Newborn hearing screening
About 1 in every 1,000 babies is born with a significant hearing loss. The current screening programme, which has been in place since October 2005, is offered to all newborn infants.
The aim of the screening programme is to reduce the effects of permanent childhood hearing impairment (PCHI) on the development of speech and communication skills, by achieving early diagnosis and treatment.
The screening test, which is usually carried out before leaving hospital, involves placing a small soft-tipped earpiece in the outer part of a baby’s ear to send clicking sounds to the inner ear.
Using a computer, the person carrying out the test can see how the baby’s inner ear responds to sound.
If normal responses are not found, the infant is referred to audiology services for diagnostic tests and further follow up.
Further information is available in the programme leaflets:
- Newborn hearing screening leaflet: (well baby) (Public Health Agency website)
- Newborn hearing screening leaflet: (neonatal baby) (Public Health Agency website)
Newborn blood spot screening
In the first week after birth, all babies in Northern Ireland are offered screening for a range of inherited conditions including:
- phenylketonuria (PKU)
- congenital hypothyroidism (CHT)
- cystic fibrosis (CF)
- medium chain acyl coA dehydrogenase deficiency (MCADD)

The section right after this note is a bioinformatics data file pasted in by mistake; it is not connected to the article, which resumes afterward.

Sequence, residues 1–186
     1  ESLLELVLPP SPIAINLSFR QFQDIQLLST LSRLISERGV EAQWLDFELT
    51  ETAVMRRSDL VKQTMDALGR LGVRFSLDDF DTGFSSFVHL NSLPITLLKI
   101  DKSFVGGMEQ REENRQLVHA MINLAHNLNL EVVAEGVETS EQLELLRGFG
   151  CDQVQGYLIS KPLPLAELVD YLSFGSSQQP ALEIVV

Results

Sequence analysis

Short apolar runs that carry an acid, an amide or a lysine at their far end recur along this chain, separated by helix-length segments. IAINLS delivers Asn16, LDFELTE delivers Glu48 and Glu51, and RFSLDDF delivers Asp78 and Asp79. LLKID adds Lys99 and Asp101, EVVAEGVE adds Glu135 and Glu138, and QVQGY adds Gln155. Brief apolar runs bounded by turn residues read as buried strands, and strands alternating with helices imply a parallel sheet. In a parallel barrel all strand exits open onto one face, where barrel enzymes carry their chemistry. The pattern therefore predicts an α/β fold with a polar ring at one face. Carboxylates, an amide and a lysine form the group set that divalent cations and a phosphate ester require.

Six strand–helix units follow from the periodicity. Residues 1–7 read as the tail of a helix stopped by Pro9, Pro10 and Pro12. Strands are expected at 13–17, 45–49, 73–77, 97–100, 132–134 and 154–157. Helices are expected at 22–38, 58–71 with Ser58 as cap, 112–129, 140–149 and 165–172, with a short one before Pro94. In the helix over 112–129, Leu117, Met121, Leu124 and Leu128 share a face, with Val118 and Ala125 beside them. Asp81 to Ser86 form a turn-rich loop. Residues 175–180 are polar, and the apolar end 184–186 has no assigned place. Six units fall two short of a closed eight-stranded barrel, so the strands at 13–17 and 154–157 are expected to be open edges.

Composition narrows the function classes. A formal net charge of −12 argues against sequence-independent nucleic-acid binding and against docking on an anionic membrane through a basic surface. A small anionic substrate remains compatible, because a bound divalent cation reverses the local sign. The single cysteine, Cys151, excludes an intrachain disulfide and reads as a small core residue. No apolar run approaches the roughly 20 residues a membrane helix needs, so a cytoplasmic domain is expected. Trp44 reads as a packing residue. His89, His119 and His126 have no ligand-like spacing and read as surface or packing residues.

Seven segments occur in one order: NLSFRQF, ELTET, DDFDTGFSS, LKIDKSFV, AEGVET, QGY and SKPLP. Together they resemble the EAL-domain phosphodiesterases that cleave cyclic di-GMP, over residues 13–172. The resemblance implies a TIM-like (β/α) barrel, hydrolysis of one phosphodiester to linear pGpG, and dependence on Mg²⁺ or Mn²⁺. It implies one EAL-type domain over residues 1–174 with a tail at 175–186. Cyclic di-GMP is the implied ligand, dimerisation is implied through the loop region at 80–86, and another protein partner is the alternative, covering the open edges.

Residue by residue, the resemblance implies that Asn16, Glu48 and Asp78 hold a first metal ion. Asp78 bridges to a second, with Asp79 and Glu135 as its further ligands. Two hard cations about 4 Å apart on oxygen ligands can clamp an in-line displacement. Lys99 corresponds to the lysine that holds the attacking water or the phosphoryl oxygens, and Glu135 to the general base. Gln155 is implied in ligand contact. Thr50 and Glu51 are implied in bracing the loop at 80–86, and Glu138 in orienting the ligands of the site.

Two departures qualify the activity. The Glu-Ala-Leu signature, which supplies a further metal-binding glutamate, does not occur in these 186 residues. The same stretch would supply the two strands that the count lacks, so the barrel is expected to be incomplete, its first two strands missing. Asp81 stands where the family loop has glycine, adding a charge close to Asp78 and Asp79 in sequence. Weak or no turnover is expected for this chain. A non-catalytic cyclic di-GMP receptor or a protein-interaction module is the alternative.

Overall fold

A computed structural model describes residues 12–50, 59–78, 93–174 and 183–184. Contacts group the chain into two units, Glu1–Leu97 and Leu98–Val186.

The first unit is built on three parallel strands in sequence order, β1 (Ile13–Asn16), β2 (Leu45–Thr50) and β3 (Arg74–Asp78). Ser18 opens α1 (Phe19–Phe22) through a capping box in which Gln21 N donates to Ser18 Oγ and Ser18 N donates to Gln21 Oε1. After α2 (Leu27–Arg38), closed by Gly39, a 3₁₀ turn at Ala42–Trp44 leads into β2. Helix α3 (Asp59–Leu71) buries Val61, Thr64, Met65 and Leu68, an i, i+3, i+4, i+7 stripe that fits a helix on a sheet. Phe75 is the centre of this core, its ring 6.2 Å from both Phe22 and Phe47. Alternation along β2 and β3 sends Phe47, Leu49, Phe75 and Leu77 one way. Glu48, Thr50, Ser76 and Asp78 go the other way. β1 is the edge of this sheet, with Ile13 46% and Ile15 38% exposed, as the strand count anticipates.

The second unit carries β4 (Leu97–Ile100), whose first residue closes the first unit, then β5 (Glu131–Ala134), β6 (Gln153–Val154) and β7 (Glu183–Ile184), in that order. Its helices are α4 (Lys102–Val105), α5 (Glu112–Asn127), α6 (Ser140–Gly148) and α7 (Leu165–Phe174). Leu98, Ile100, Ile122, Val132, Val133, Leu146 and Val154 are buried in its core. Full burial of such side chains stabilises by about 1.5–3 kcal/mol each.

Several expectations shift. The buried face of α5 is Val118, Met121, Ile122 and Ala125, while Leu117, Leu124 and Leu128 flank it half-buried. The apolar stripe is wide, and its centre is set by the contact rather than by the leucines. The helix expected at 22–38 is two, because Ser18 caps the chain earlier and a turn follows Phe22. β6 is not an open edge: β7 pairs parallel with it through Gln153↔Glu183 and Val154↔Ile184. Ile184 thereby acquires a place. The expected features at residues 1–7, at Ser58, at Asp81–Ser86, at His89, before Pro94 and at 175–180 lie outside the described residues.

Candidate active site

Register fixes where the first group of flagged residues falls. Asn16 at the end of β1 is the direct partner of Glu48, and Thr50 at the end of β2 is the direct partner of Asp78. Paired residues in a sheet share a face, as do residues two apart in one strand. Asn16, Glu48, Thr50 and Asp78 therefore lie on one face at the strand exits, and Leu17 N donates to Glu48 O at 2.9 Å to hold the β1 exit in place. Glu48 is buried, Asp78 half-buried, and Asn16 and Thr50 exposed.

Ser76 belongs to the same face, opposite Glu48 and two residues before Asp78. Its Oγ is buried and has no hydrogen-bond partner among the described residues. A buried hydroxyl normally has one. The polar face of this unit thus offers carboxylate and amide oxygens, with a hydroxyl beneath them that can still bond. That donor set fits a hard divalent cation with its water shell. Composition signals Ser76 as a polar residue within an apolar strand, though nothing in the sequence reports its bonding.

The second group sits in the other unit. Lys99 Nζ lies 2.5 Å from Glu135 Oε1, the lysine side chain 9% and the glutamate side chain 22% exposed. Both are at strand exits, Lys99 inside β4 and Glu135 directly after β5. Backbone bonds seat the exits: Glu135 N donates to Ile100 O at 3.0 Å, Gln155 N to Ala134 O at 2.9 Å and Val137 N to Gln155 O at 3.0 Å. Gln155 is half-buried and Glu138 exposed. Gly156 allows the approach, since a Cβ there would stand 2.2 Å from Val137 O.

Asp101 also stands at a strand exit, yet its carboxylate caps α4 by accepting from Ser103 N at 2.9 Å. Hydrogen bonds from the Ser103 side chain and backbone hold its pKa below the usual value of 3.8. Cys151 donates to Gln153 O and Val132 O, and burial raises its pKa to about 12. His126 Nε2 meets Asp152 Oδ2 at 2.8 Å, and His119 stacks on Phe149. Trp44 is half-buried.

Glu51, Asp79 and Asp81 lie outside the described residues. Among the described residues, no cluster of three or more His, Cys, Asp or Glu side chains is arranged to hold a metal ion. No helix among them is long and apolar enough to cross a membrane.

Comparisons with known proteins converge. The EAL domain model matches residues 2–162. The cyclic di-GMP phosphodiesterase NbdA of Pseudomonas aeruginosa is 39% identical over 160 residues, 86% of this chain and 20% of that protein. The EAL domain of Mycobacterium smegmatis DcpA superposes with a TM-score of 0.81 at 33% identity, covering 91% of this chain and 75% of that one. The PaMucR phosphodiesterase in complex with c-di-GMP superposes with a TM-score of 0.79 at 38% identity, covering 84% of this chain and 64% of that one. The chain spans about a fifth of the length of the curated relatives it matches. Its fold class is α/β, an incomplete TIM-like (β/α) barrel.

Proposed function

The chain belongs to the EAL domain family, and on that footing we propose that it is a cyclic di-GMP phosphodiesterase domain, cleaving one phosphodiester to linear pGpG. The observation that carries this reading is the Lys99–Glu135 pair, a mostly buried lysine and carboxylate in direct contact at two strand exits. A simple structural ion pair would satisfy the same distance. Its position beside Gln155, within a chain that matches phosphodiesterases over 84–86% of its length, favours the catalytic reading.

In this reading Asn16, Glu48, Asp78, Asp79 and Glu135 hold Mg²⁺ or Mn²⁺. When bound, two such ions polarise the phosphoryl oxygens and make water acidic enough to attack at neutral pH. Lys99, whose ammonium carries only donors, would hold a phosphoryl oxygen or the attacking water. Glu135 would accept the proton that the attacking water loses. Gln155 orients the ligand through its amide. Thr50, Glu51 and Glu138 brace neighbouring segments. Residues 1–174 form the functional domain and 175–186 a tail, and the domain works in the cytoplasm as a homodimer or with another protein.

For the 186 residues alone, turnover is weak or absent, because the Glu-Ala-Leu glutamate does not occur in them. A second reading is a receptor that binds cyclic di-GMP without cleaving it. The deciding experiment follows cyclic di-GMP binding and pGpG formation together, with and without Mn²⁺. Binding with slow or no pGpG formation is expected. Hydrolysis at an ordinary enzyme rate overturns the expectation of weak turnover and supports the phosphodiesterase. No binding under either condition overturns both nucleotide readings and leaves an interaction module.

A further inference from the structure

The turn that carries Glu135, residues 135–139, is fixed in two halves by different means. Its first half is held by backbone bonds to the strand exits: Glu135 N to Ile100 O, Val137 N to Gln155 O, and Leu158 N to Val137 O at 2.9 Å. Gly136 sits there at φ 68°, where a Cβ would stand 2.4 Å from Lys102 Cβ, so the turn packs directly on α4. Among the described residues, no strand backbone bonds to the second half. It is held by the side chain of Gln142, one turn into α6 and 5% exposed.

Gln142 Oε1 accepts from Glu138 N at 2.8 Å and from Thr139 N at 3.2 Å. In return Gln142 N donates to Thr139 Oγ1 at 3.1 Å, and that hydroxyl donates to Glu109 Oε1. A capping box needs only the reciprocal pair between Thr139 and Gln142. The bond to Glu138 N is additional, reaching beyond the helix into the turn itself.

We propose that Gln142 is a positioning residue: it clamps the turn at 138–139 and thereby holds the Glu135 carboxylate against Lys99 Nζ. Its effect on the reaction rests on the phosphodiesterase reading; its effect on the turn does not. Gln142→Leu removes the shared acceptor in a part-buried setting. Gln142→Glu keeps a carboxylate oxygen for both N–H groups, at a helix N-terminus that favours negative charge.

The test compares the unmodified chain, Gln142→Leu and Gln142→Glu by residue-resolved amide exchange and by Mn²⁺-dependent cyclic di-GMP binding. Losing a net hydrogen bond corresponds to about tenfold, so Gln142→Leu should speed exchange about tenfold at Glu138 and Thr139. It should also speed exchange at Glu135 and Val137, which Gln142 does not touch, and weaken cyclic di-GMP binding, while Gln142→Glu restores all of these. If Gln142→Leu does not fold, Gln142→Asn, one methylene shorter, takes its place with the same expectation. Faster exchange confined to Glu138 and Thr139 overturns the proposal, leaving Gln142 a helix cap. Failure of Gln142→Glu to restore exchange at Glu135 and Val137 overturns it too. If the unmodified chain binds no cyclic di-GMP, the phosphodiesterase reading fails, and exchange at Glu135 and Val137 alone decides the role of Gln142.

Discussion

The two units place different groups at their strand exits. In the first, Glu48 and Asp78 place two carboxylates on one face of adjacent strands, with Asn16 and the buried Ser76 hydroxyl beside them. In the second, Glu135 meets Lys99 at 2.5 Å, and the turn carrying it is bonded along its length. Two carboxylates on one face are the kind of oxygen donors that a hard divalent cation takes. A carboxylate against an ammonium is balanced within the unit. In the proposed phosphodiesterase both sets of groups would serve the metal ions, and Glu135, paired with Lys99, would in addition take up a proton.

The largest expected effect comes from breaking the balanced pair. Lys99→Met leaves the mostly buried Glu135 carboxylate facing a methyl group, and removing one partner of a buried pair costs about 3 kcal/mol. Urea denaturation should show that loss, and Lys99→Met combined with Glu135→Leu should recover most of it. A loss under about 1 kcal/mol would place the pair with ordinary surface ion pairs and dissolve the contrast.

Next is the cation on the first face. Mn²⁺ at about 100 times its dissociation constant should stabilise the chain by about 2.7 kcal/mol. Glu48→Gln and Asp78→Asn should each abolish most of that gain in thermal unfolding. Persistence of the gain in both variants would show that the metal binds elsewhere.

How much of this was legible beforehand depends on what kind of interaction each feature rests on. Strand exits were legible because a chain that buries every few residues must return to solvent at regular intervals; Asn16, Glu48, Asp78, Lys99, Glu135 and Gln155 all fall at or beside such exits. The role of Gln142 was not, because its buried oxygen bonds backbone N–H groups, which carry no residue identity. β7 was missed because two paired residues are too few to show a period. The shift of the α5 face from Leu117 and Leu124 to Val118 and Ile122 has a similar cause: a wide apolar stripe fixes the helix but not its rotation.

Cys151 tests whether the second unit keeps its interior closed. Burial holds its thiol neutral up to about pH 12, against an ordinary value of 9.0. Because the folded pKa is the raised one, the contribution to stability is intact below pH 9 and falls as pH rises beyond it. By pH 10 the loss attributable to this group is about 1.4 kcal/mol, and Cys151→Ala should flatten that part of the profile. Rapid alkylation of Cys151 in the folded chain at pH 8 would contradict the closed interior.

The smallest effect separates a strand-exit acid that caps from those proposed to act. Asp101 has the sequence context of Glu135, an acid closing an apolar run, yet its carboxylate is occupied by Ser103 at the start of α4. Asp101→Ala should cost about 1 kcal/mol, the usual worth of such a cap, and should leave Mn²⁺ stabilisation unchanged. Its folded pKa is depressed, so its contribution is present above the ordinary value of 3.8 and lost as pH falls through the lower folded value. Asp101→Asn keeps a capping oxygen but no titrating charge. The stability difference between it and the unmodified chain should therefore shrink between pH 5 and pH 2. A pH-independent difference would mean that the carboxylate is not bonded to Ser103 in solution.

- sickle cell disorders (SCD)
This is often called the ‘heel prick’ test. Most babies screened will not have any of these conditions but, for the small number who do, the benefits of screening are significant.
The programme makes a major contribution to the prevention of disability and death in our community, through early diagnosis and effective interventions. It is important to let your health professional know if you, or your partner, has a family history of the conditions screened for.
Newborn blood spot screening is a complex programme, involving a wide range of services, from highly specialised laboratories through to individual staff in the community and in hospitals, working closely together.
The Public Health Agency and partner organisations are responsible for ensuring that the population has access to safe, effective, high quality and equitable screening programmes. As part of this function for newborn blood spot screening, the Northern Ireland programme participates in a national (UK) system of quality assurance and performance management.
Further information is available in the programme leaflet:
Newborn hearing and blood spot screening are recommended. It is also important that if, at any stage, you have any concerns about your child’s health or their hearing, you should discuss these with a health professional such as your health visitor or general practitioner.
All babies will be offered a routine physical examination to check their hips, heart, eyes and testes (for boys) within the first few days of life and again between six to eight weeks of age.
These examinations aim to find any health conditions or abnormalities so that any tests or treatment required can be offered to your baby as soon as possible.